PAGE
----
Standing Up For The Right To Stand

Last updated : 18 January 2013 By Michael Morris

The campaign has already been backed by Welsh sides Cardiff City and Swansea. He has tabled a motion for debate in the National Assembly, co-signed by Assembly Members from all parties, calling on the Welsh Government to lobby UK Government counterparts for a change in the law to allow safe standing at top-flight football matches. 

He said: “Conditions have changed dramatically since Lord Justice Taylor’s report was published, with dramatic improvements in policing methods, ticketing arrangements and safety in modern stadia. 

“Safe standing already exists in Germany in top-flight football and provides a convenient, controlled environment for fans who wish to stand at matches. I would like to see these methods trialled at grounds in the UK so that football fans can enjoy the experience of watching their team in the same way that fans are allowed to at rugby matches or race courses across the UK every weekend.” 

Mr Davies, who has attended events hosted by the FSF in the past, said that standing areas could improve accessibility to top-flight football, particularly in light of the on-going row over inflated ticket prices. 

He said: “I can understand the argument that all-seater stadia have improved diversity at football matches since the 1980s but football and football stadiums have changed since the days of sprawling terraces and fencing. 

“I have noticed the changing demographic at Cardiff City over the years, with more women, children and people from ethnic minority backgrounds attending games than ever. Obviously this is great news for the game and its long term sustainability, but this development does conceal a worrying demographic change; as ticket prices have risen and risen since the advent of all-seating stadiums, people from more deprived backgrounds have been priced out of what was always the ‘people’s game’. 

“Standing areas are typically considerably cheaper and introducing limited standing areas to stadiums could dramatically improve accessibility to top-level sport in the UK, without having an adverse effect on those who wish to remain seated at matches. Most fans will tell you that safe terraced areas help improve the atmosphere at matches and, most importantly, offer football supporters the choice they deserve.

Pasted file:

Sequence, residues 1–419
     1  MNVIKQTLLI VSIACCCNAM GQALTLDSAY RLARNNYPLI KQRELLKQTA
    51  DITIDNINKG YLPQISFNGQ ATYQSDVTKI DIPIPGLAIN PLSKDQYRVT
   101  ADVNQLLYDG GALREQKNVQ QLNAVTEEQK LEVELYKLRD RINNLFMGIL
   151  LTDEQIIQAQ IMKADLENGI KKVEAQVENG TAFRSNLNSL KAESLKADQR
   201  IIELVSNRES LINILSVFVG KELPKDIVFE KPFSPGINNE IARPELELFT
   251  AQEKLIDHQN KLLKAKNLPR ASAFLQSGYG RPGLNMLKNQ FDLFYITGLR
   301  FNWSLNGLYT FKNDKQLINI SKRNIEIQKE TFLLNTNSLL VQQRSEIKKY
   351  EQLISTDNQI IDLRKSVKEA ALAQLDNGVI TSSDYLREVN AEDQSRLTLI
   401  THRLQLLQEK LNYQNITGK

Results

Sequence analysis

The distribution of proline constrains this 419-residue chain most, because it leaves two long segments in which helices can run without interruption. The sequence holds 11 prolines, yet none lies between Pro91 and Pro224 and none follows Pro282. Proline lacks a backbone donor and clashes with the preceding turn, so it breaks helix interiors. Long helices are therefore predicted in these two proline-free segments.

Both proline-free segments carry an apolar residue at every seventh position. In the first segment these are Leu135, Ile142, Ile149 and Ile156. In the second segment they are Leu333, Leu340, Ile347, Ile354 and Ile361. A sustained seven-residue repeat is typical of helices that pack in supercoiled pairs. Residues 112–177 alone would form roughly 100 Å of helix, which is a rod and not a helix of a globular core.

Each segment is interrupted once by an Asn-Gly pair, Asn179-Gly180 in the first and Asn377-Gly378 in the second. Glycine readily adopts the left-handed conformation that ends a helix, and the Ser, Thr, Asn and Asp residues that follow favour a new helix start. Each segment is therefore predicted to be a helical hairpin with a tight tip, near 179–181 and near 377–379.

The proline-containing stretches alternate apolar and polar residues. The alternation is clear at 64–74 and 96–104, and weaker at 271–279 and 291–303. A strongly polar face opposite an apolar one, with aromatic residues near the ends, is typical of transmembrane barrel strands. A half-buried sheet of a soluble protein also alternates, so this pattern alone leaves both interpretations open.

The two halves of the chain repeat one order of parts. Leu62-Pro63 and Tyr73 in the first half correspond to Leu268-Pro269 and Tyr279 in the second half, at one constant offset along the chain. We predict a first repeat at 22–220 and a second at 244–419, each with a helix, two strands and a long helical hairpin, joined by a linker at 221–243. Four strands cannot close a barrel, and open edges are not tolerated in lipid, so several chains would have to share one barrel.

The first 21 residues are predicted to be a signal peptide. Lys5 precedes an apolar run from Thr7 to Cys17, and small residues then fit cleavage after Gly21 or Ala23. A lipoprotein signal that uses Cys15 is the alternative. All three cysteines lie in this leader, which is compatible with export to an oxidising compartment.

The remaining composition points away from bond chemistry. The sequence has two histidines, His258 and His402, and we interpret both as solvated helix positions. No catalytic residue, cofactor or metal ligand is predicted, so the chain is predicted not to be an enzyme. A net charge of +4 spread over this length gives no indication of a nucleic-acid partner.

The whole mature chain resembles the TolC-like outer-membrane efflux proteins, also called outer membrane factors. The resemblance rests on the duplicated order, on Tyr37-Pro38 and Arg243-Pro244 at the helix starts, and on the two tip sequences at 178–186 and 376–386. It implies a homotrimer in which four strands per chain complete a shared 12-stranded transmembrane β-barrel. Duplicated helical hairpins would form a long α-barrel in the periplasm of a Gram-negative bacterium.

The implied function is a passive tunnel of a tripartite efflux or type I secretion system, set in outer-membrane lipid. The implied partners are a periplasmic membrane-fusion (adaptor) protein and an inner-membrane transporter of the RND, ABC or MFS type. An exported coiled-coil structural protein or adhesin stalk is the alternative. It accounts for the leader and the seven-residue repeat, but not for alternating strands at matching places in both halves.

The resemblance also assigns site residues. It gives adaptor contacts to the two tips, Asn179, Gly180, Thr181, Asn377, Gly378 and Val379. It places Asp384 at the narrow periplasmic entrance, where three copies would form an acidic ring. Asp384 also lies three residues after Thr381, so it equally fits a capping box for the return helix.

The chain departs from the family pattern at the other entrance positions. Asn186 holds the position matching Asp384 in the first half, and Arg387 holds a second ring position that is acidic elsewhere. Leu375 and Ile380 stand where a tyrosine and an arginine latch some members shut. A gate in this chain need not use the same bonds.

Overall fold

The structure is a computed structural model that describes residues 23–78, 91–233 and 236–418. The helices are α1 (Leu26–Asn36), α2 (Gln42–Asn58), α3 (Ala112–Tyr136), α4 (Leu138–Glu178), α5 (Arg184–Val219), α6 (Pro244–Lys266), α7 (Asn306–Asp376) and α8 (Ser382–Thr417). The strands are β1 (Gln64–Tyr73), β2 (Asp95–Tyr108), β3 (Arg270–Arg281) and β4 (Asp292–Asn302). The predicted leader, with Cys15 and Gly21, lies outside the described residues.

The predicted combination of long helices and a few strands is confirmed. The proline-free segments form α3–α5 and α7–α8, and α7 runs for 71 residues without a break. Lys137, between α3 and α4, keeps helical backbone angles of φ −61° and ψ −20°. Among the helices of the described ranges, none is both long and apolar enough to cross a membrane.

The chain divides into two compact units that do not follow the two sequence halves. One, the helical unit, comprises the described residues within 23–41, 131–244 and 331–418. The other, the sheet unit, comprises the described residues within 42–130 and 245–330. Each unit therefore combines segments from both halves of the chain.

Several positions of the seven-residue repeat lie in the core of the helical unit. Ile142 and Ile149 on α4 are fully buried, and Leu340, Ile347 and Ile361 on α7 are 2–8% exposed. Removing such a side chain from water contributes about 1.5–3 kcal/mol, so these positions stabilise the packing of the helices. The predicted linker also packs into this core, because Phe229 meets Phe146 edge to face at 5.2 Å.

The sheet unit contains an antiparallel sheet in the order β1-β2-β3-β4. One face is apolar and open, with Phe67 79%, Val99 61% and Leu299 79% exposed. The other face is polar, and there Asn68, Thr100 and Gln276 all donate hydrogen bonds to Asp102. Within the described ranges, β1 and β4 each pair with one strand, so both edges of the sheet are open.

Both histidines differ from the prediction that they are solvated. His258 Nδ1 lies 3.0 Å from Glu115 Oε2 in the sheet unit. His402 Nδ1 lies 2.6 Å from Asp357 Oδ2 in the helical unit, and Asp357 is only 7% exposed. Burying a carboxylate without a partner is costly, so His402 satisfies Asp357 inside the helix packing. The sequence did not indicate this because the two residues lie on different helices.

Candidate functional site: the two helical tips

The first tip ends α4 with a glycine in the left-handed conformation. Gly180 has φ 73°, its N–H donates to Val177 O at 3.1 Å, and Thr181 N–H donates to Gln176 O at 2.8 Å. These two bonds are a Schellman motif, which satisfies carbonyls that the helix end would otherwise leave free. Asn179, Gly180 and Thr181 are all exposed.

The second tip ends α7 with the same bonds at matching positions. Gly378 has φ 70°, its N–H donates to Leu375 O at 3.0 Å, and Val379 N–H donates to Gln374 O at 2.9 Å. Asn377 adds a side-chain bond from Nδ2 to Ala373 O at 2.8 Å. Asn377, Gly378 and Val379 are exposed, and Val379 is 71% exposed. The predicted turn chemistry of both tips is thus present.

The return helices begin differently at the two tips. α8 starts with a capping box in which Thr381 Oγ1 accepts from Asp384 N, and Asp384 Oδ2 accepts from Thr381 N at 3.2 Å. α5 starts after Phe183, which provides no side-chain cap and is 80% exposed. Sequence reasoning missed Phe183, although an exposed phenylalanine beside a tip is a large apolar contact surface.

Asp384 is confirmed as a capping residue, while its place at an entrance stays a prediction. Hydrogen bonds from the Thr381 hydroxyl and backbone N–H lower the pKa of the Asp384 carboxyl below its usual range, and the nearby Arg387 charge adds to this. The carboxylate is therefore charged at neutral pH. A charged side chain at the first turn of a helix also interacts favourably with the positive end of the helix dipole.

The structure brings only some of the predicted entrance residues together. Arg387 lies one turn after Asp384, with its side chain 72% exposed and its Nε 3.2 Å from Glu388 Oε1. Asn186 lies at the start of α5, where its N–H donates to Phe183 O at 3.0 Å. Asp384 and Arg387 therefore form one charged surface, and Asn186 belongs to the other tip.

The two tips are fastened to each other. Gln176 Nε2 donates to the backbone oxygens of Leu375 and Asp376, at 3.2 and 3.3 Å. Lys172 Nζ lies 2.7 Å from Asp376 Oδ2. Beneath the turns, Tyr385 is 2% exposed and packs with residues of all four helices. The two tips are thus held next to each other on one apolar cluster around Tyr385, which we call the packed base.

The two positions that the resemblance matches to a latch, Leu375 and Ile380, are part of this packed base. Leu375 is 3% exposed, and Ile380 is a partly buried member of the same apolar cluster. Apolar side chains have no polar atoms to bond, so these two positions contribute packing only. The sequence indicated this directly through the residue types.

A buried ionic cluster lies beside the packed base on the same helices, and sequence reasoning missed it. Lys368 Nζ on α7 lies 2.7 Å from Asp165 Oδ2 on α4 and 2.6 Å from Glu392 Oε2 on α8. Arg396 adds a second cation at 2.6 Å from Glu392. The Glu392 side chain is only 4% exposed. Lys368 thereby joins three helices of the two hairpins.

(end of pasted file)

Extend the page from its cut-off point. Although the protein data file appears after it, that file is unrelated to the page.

“Essentially, from my own point of view, this campaign boils down to two things: the right for football fans to be treated the same as their counterparts at other well-attended sports in the UK, and the chance to trial an advance in safety methods which is well-established on the continent”. 

The motion, which was co-signed by fellow AMs Peter Black, Bethan Jenkins and Ann Jones is accompanied by a Statement of Opinion and Mr Davies has urged other Assembly Members to sign it and send out a clear message of support for the campaign.

The Notice of Motion reads: 

“The National Assembly for Wales: 

·        Notes the appetite which exists amongst football supporters in Wales and beyond for the introduction of safe standing areas in the Premier League and Football League Championship. 

·        Recognises the key role which Assembly Members and Welsh football clubs competing in the English pyramid can play in lobbying the UK Government and football authorities to accept the case for introducing safe standing areas on a limited, trial basis. 

·        Notes the positive role which standing areas at football matches could play in significantly reducing ticket prices, improving access to high-level football for people from deprived communities, improving atmosphere and providing spectators with greater choice. 

·        Recognises that safe standing is operational, popular and well-established at top-level football in Germany; as well as at rugby union, rugby league and other sporting and public events across the UK.”